Too often sports historians focus on personalities and achievements, avoiding any discussion of the ways in which sport is integrated within society. In evading this trap and by making skilful use of oral history, Tony Barker goes “behind the play” to examine the politics of football, as well as to embed the game in Western Australia’s social history. The result is a masterly study of a major sport – objective, analytical and always entertaining.
A Home for Bilby - Joanne Crawford & Grace Fielding
A Home for Bilby is in many ways the archetypal children’s book. In a simple, straightforward writing style, the tale unfolds of a timid bilby who, with the help of some delightful Australian animals, finds the perfect home (and some new friends). There is an underlying tension for the young reader, wondering whether Bilby will find a home, something so basic to happy existence that the relief when the ideal shelter is found is palpable for everyone. The work is instructional on habitat, endangered animals and the value of collaboration. Grace Fielding’s illustrations, an attractive blend of Aboriginal motifs and European figurative traditions, in ochres and browns with splashes of yellows and blues, are redolent of the Australian bush. The attention to production detail and the small drawings included on each page make this book a joy.
Young Adults Award
Fireshadow - Anthony Eaton
University of Queensland Press
This tale draws the reader into two distinct worlds yet manages to balance and interweave them with ease. In a contemporary setting, Vinnie retreats to the bush near Dwellingup to take stock after a terrible car accident has left him physically and emotionally scarred. He settles in an area of forest where a POW camp had existed during World War Two, the area providing the setting for the second story. Here we are drawn into the lives of the camp inmates, but particularly to the story of Erich, a young German soldier captured in North Africa who finds himself in an alien place trying to come to terms with the dishonour of capture. The West Australian bush is evoked powerfully through beautiful descriptive imagery appealing always to the full sensory experience. This is a work that broaches many subjects, including racism, patriotism, nationalism, loyalty, responsibility and sibling love, all with subtlety and sensitivity. Eaton has aimed high with this work and succeeded admirably in his deft handling of a complex plot and descriptive powers that bring people and place alive.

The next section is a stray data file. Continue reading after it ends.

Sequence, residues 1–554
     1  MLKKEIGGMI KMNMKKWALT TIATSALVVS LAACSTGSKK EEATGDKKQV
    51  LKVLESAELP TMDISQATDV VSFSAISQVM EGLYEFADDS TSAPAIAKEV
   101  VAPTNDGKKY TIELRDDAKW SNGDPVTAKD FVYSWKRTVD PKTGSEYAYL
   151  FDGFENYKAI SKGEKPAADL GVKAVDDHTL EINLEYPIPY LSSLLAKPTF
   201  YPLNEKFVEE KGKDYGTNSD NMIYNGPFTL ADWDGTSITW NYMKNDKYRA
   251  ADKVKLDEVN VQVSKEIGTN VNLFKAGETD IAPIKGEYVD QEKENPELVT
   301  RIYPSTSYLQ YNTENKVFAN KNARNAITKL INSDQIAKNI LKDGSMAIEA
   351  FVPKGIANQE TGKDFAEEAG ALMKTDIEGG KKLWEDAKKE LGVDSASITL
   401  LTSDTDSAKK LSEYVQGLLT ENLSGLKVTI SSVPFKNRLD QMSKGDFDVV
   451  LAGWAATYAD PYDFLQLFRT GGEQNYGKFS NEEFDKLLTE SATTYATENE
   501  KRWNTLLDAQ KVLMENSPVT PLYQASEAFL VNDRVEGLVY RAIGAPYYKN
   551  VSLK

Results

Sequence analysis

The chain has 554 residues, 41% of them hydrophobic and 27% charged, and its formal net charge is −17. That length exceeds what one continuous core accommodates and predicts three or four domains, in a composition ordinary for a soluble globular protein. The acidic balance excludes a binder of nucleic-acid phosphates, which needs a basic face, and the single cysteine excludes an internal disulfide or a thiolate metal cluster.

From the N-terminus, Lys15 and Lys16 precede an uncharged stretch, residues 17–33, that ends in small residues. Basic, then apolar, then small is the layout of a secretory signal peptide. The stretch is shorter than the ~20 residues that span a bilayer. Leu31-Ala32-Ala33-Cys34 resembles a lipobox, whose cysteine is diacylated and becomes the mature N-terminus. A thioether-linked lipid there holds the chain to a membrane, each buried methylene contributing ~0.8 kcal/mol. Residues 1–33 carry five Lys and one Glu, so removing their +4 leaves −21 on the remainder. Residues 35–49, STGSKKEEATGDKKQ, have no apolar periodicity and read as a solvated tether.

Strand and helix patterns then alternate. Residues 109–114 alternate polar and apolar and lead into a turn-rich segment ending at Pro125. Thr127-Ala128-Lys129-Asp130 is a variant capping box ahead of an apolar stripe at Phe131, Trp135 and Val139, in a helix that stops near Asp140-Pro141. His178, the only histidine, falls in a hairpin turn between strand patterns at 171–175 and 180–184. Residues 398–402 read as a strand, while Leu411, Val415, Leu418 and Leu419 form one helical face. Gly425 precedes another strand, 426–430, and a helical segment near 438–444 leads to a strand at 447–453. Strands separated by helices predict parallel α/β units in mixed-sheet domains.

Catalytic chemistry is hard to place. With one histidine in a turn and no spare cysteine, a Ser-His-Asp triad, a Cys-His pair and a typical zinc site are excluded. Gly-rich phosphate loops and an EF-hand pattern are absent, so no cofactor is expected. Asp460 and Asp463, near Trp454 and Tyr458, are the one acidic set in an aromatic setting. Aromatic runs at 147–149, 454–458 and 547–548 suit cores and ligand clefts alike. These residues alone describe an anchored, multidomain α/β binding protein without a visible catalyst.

Yandy - Jolly Read
Black Swan Theatre Company
Yandy is iconoclastic for its representation of Don McLeod as being "one of them," meaning a white to the Aboriginal people and not the blackfella’s friend he styled himself as. It is refreshing for its naïve representation of Dorothy Hewett as a young reporter for the West Australian who is looking for a story rather than a headline. But most of all it is informative for the way it documents and elaborates the details of the Aboriginal station-workers’ Strike of 1946, sometimes called "the blackfella’s Eureka": how the pastoralists were outraged, how the police took their side, and how the Aboriginal people took a stand and did not give in, not even to this day according to some of the old people who insist that they never returned to work on the stations. A dramatic illustration of how the master-slave relationship is ruptured when the slave says No.